Causes and How to Control It

Causes and How to Control It


You know that pregnancy causes all the very obvious miraculous changes in your body. But one of the many side effects most people forget about once they hold their new bundle of joy is bad breath.

Yes, as your body changes and hormones roller coaster to make a new human, some of these changes can temporarily lead to bad breath. It doesn’t help that pregnancy also heightens your sense of smell!

Bad breath during pregnancy can happen for a number of reasons. Here’s what to watch out for if you’re pregnant and suddenly have bad breath more often, and what to do about it.

There are a number of causes that can lead to bad breath during pregnancy. Some of the main causes include the following.

Hormonal changes

Hormonal changes are necessary and important for keeping your pregnancy on track. But they can also take you for a joy ride! Fluctuating hormones can lead to a range of unwanted side effects. This includes:

A dry mouth can lead to more bacteria on the tongue and in the mouth, causing bad breath and raising your risk of dental cavities.

And many pregnant people have some morning sickness — nausea and vomiting — mainly in the first trimester. Vomiting can cause or worsen bad breath. Nausea may worsen a dry mouth because you may not have much of an appetite to eat or drink anything.

Both nausea and vomiting can cause dehydration, worsening a dry mouth and bad breath.

Runny nose

When you’re pregnant it might feel like you always have a slight cold or allergies. This is because the increased blood flow in the body pushes more fluids into blood vessels in the nose.

The sensitive vessels in the nose leak when they get overfilled, causing a runny nose or rhinitis. Sometimes, the increased blood flow can also cause nosebleeds during pregnancy.

A runny or stuffy nose can lead to nasal drip and phlegm in the back of the throat. It can also cause infected or inflamed sinuses (sinusitis). Both of these side effects of pregnancy can make your breath smell bad.

Additionally, a stuffed or blocked nose may force you to breathe through the mouth, potentially worsening dry mouth and bad breath during pregnancy.

Gum health

The increased blood flow in your body during pregnancy may also affect your gum health. You might notice that your gums bleed more easily, especially when you’re brushing or flossing your teeth.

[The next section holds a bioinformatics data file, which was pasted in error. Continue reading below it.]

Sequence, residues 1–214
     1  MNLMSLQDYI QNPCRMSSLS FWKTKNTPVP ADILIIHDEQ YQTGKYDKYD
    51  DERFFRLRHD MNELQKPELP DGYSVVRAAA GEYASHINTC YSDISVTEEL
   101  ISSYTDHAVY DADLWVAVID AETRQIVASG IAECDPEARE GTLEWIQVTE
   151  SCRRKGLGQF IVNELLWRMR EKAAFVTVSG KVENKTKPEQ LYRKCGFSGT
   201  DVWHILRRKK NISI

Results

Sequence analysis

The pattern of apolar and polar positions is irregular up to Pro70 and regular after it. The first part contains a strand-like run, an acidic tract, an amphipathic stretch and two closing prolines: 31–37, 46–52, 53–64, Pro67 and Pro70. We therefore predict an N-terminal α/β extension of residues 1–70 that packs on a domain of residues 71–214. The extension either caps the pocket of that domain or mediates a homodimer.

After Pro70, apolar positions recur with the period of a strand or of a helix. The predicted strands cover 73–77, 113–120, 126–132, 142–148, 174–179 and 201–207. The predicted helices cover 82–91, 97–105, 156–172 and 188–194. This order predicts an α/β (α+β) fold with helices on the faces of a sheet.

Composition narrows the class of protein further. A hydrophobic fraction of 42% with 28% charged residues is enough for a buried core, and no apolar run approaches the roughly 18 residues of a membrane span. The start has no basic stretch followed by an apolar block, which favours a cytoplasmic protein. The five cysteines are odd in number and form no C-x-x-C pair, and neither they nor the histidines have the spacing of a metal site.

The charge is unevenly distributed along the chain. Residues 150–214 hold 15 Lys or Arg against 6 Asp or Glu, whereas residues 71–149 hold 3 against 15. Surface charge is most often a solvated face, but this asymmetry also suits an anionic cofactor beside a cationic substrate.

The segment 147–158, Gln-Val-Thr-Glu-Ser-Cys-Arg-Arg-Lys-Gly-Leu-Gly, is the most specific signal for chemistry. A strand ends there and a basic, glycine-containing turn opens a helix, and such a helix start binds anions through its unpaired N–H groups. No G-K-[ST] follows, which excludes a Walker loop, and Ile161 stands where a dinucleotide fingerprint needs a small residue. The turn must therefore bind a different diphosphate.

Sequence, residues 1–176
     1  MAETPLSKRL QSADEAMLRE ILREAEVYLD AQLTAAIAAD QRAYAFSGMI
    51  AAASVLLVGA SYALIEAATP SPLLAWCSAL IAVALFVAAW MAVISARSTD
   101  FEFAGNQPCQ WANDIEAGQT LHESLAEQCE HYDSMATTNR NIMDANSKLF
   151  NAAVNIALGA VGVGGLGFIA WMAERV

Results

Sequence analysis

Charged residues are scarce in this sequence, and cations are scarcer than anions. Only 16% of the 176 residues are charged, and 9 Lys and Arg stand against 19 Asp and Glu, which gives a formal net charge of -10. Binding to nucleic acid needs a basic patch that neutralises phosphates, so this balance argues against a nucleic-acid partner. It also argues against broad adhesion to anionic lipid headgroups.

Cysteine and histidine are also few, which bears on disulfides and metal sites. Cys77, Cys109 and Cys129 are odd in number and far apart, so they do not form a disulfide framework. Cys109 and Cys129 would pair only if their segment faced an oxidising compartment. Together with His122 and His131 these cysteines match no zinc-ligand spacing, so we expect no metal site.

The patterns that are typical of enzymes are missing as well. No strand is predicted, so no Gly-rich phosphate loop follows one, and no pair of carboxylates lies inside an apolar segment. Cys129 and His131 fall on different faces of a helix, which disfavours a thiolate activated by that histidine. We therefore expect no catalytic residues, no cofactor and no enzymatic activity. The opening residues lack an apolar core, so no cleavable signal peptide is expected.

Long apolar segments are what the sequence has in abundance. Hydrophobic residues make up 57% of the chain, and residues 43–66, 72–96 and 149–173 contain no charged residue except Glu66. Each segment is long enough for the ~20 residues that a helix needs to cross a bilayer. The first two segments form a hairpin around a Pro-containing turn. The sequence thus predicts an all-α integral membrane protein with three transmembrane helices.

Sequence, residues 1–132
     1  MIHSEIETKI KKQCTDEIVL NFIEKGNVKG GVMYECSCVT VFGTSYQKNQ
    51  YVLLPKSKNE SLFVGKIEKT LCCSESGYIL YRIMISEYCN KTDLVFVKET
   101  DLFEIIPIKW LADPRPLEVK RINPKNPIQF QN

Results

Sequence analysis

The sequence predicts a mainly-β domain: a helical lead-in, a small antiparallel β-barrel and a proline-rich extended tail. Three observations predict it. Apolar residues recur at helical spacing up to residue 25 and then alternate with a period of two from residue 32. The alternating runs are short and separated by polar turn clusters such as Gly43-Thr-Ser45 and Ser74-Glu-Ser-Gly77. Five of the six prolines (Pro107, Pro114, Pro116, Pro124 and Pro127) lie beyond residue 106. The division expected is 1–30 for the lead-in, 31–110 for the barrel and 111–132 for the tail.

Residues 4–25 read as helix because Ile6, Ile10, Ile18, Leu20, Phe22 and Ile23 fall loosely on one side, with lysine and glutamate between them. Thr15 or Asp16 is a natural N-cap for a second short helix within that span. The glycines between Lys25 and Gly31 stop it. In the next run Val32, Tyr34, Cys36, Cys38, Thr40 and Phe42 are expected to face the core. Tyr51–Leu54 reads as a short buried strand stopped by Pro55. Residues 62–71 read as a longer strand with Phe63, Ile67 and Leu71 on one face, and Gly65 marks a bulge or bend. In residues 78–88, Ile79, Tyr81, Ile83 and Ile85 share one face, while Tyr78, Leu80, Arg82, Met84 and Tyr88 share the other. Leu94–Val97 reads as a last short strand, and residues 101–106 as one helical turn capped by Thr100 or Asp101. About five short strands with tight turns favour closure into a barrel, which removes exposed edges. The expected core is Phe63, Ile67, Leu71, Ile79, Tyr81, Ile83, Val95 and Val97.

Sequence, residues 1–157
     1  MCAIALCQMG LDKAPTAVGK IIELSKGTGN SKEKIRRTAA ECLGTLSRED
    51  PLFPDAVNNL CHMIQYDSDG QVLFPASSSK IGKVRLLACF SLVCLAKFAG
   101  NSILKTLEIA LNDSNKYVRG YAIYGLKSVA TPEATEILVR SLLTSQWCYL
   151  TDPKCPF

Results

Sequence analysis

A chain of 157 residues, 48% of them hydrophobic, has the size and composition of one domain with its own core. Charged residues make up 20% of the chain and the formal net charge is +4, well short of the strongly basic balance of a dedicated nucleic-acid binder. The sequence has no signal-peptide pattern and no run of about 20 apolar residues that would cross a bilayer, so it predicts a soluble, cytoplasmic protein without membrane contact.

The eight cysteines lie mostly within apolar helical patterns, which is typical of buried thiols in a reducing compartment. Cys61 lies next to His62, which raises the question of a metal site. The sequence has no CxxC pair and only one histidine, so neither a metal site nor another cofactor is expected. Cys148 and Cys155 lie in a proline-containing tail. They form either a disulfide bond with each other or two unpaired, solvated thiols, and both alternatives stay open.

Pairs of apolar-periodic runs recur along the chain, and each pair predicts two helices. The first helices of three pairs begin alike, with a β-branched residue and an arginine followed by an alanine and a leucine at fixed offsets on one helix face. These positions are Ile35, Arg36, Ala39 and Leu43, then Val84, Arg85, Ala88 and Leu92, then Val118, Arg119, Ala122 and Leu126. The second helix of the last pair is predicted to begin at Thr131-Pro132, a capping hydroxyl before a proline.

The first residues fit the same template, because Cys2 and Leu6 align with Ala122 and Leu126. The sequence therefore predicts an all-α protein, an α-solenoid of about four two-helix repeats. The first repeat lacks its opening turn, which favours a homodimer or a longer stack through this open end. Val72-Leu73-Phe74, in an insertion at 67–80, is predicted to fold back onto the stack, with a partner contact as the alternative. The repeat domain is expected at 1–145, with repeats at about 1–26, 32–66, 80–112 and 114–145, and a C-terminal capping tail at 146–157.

Pregnancy can also give you a higher risk of gingivitis or inflamed gums. Bleeding gums and gingivitis can cause or worsen bad breath when you’re pregnant.

Up to 75 percent of pregnant people get some form of gingivitis.

Tongue conditions

A swollen tongue and bad breath can happen from a fungal infection like thrush. This infection is more common during pregnancy because the immune system is weakened.

Along with bad breath during pregnancy, you might have other symptoms, depending on the underlying cause. These include:

  • heartburn (from vomiting)
  • sore throat (from nasal drip and vomiting)
  • stuffy or blocked nose
  • sneezing
  • coughing
  • tender sinuses
  • sinus headache
  • snoring (sleep apnea)
  • mucus (phlegm) in the throat
  • red, swollen, or tender gums
  • gums that bleed when you brush or floss
  • recurring bad taste in the mouth

Lifestyle changes like drinking more water and eating a balanced diet will often help soothe symptoms of bad breath. And they’re good for your overall health and for your growing baby, too.

To treat a runny nose and tender gums, rinse your nose and mouth regularly with sterile water that has been boiled and cooled. It also helps to gently blow your nose throughout the day. Inhale steam with a facial steamer and use a humidifier when you’re sleeping to moisten the air.

Over-the-counter nasal saline sprays are safe to use during pregnancy and may help relieve rhinitis and sinusitis. You can also use homemade saltwater solution to flush out the nose, thin mucus or phlegm, and soothe the throat as a gargle.

Unless you have a very serious bacterial infection, your doctor will likely not prescribe antibiotics during pregnancy.

Let your doctor know if you notice recurring bad breath no matter how many times you brush your teeth. Also tell them about any other signs and symptoms.

You can’t stop all the side effects that come with pregnancy, but your doctor may recommend treatments to make you feel better.

If you’re pregnant or planning to get pregnant, schedule an appointment for a dental checkup. Remember to let your dentist know that you’re pregnant.

If possible, it’s a good idea to discuss gum health with your dentist before you get pregnant or in the early days of your pregnancy. This way if there is an underlining issue with your gums, it can be diagnosed and treated early. Your dentist can also provide valuable advice to help you lower the risk of gum disease.

Prevention

Spiking hormones and greater blood circulation during pregnancy cause a number of side effects and symptoms that can cause or worsen bad breath. Caring for your dental and overall health while you’re pregnant can help:

  • brush and floss regularly
  • use a softer bristled toothbrush
  • brush gently to avoid irritating the gums
  • limit caffeine
  • limit sodas and sugary drinks
  • avoid alcohol and smoking
  • eat plenty of fruits and vegetables
  • eat a balanced, whole grain diet with lean meat and dairy

Bad breath is a common annoyance during pregnancy. It’s important to seek help if you experience severe bad breath that doesn’t go away or if you have any other symptoms. In some cases, you may need treatment for the underlying cause of bad breath.

Your body is undergoing tremendous changes during pregnancy. A runny nose, tender gums, and bad breath are just some of the temporary drawbacks that may happen. Remember to squeeze in regular dental cleanings and check-ups and keep up with your prenatal appointments.



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